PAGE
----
When I was a boy, for several years in a row, my family would vacation at LeSourdsville Lake. For those who do not know, Lesourdsville Lake was an amusement park near Hamilton, Ohio. The park had rustic cabins for rent, some fronting the lake and some with the river running behind them. Later, LeSourdsville later became Americana Amusement Park, but by that time the cabins had been torn down and replaced by other attractions.
We would pack everything into and on top of the old Plymouth Station Wagon and somehow still manage to fit Mom and Dad, my three sisters, myself, and our boxer/schnauzer mixed breed named Minnie into the car and off we went, heading north to the lake. I do not recall how long it took us to get there but it seemed like forever. There were no expressways then so the entire trip was on two lane highways and back roads. But eventually, we always got there.
My favorite cabins were those that were directly on the lake. They were closer to the action in the park and I could get there quickly via the rented row-boat. The cabins back by the river were probably more peaceful but it as either a long walk to the park, or you had to wait for the tram to come around and pick you up. Each day was spent swimming during the day and riding the rides during the evening. To those who were cabin renters, all the rides were free during your stay. I can’t count the times I rode the wooden coaster, “The Screeching Eagle”. The best part was, there was hardly ever a line so you could just stay on and ride again.
The cabins consisted of a screened in porch, two bedrooms, and a kitchen. My folks got one bedroom, my three sisters shared the other. I slept on a blow up plastic pool raft on the kitchen table, which was just a picnic table. It was an air mattress, but I didn’t get to pick my sleep number, and back then those things just could not stay inflated all night. Invariably I would wake up on the hard surface of the table, all cushioning provided by the air mattress gone.
The kitchen had an icebox, not a refrigerator. On a regular basis, the ice man would come around to replace the large block of ice in the icebox. I remember this guy, Mom called him Elvis. That probably had something to do with his greasy duck tail haircut and long sideburns. Dad constantly kept a suspicious eye on him, especially if he spoke to my older sister. It was fun chipping ice from the block with an ice pick to put in a cold drink. At least there was no electric hum or clanking from an automatic ice maker to keep me awake at night.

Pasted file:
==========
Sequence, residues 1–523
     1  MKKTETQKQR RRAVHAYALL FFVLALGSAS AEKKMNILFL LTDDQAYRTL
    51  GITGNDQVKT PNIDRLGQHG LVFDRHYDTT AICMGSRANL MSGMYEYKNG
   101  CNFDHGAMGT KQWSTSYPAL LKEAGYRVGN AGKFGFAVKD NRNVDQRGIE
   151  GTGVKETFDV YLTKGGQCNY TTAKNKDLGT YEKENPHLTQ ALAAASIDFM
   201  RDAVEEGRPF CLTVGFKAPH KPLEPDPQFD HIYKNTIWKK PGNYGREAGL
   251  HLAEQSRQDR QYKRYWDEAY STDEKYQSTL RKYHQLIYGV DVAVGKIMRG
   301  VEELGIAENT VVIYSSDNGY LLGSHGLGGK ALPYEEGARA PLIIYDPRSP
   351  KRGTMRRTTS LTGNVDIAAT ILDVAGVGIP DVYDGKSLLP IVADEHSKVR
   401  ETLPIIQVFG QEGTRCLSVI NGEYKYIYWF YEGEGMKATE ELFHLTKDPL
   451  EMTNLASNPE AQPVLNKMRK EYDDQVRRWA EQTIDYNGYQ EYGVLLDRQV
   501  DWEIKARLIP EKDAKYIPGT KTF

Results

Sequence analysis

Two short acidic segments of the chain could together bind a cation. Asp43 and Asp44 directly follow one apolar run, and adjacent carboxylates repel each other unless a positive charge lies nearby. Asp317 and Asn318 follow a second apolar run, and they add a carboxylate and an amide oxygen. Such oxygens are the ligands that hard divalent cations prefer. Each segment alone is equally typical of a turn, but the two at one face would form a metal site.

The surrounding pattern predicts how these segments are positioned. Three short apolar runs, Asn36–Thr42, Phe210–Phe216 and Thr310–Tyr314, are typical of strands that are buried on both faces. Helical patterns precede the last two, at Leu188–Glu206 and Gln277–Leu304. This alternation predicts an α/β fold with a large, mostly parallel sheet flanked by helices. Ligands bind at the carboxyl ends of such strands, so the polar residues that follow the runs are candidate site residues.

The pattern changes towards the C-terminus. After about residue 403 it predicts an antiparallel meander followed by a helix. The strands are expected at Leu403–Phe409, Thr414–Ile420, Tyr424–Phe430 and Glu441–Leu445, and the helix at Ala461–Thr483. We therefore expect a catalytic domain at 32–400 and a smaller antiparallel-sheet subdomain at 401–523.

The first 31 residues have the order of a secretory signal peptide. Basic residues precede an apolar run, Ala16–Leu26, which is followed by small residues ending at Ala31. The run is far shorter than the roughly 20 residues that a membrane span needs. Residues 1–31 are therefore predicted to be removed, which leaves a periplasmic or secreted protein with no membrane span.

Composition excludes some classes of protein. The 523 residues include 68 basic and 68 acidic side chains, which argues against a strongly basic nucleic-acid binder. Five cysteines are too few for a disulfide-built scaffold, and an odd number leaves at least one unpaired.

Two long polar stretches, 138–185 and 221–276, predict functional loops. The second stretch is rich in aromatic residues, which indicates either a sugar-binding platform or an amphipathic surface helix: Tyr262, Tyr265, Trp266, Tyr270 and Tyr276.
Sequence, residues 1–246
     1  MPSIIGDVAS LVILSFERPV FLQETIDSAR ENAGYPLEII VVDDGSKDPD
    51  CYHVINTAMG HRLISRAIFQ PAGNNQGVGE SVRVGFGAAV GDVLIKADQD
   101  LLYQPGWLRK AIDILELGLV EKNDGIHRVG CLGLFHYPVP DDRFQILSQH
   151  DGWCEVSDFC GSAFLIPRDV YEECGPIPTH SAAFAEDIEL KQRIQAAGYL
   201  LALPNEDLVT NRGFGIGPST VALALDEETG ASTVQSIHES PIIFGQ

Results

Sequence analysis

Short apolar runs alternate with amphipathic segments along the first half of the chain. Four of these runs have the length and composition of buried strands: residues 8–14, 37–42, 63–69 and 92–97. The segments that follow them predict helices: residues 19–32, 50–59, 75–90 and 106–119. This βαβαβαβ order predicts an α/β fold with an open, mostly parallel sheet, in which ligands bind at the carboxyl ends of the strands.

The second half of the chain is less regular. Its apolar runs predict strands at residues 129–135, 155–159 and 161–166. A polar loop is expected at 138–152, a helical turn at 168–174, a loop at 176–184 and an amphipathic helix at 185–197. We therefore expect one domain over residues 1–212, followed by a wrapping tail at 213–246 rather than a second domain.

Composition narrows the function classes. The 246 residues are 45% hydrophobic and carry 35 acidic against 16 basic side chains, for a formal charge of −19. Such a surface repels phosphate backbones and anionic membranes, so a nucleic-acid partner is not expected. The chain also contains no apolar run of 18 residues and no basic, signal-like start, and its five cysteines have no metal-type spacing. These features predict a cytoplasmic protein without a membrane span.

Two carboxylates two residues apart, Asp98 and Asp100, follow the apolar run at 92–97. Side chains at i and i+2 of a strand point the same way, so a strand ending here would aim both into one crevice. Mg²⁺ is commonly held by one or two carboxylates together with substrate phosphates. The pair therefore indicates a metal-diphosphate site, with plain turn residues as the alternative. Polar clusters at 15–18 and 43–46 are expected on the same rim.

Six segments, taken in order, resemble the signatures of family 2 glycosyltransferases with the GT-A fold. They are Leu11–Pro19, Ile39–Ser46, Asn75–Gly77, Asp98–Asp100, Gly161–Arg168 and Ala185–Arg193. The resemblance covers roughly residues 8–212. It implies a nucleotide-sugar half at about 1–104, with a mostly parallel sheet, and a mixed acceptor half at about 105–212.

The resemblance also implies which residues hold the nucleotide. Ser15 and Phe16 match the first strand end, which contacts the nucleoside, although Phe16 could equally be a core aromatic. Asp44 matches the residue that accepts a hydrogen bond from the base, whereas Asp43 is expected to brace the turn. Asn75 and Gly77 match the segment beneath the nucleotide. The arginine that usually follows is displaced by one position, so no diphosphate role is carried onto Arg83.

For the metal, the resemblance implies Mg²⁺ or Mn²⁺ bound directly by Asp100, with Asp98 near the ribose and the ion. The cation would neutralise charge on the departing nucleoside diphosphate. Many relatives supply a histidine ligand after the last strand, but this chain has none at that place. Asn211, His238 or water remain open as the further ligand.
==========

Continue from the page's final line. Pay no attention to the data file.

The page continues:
It seems as if we constantly had company during our week. I remember relatives, friends from the neighborhood, and my Dad’s co-workers and families coming to visit. I know that a few future police officers (and one future Police Chief) spent time at the lake with us. I used to think it was great fun hanging by Dad’s cop friends, watching them smoke, cuss, and talk “cop”.
The tradition of going to LeSourdsville Lake only lasted a couple of years, but the memories will live on. Times were simpler back then. This was before drugs,, the Cuban Missile crisis, Viet Nam and other things that changed our culture forever. It seems like my biggest worry was whether or not Mom would notice that her pack of Kools was a few cigs light.
Those were good times and good memories. The park has closed, Mom and Dad are gone. Most of the visitors are gone or lost. At least I have my sisters to share the memories with. Ready? The lap bar is locked in place, the cars lurch forward, the clicking of the ratchet chain as it pulls us up the hill, hands in the air and away we go……..
Those are my thoughts, what are yours?
I too have some wonderful memories of LeSourdesville Lake. I never stayed in the cabins, but I spent a lot of time there. First as a customer then as a ride operator for 3 seasons.
My favorite memories are from swimming in the lake. It had these big discs out in the swimming area. There was a pole in the middle with a steering wheel-like thing on top. We just grabbed the wheel and made the bottom platform spin. (Much like a cup & saucer ride). Once the speed was up, we would each lose our grasp and fly off into the water! The last one in, got to spin the next round. It was so much fun! Thanks for spurring the memories.
Denise (Puckett) Spencer
Worked there open to close for $1.50 an hour (in 1972-1974). Ran the Flying Coaster, also known as the Kangaroo.